(b) The cabinet shall comprise twenty-seven members each appointed by each of the twenty-seven wards that make up the Community.

(c) In the event of a vacancy occurring either by death or otherwise, the twenty-seven member cabinet shall officially meet after three months to select anew Traditional Ruler and Chief from among all the candidates nominated by their wards or presenting themselves for selection.

(d) The cabinet shall after wide publicity of the vacancy and receiving applications and or nominations proceed to select and recommend a candidate who is most qualified having regard to the qualifications and disqualifications in Article 3 above.

(e) The candidate so selected and recommended as in (d) above shall be presented to the entire assembly of the community on a date which shall be given wide publicity for ratification or confirmation.

(f) On ratification or confirmation, all the members of the cabinet shall sign a resolution of selection and presentation of the candidate forthwith.”

“Section 3(4) where a laid down procedure for the nomination, selection or identification of a Chief does not exist in an autonomous Community, the Chieftaincy stool among the component units shall rotate, starting from the most senior member-community in traditional ranking.”

The opening sentences of section 3(4) of Law No.22 of 1978 are of critical importance in considering the effect of Exhibit A. The words are unambiguous that section 3(4) applies to Autonomous Community which has not provided for itself a procedure for the nomination, selection or identification of a Chief. Hence where a provision exists such provision and not section 3(4) will govern. I have referred to this section because section 3(4) has provided that “the chieftaincy stools among the component units shall rotate, starting from the most senior member-community in traditional ranking.”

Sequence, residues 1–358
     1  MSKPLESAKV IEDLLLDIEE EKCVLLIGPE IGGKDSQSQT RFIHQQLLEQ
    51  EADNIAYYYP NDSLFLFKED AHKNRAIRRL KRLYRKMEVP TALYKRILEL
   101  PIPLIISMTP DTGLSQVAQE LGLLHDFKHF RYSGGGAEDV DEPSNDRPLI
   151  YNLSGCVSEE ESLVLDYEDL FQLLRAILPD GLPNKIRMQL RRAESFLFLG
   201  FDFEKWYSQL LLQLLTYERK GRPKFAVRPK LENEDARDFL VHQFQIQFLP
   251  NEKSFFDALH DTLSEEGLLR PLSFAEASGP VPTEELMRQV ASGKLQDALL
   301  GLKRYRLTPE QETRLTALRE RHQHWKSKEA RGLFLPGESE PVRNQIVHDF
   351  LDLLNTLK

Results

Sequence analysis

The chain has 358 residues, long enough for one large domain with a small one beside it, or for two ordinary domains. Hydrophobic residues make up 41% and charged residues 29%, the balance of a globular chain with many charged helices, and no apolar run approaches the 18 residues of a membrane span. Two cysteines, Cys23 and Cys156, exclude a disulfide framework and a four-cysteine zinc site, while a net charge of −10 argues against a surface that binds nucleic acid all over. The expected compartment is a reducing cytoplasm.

It therefore follows that those communities which have not made provision for the nomination, selection, etc of a traditional ruler, will be governed by the provisions of section 3(4), and consequently the chieftaincy stool will rotate, “starting from the most senior member-community in traditional ranking,” This brings us to the situation of the Amainyi Autonomous Community. Amainyi Autonomous Community has in “Exhibit, A” made provision for nomination, selection, etc, of the Traditional Ruler of the Community. It is free in making the provision to adopt the principle of rotation as stated in section 3(4), or in a modified form. It can completely reject the principle and introduce any system peculiar. The Law allows it to be the Master of its own House, and to determine the fate of the aspirants to the position of Traditional Ruler of its Community. It made its option.

It seems to me that was what Amainyi-Ukwu and Amainyi-Nta were doing when on July 9, 1978 pursuant to the provisions of section 3(4) of Law No.22 of 1978, they drew up and gave to themselves – Exh. A, the Rules and Regulations for Selection and Appointment of her Chief and Traqitional Ruler. The bone of contention here is the correct and proper interpretation of this document.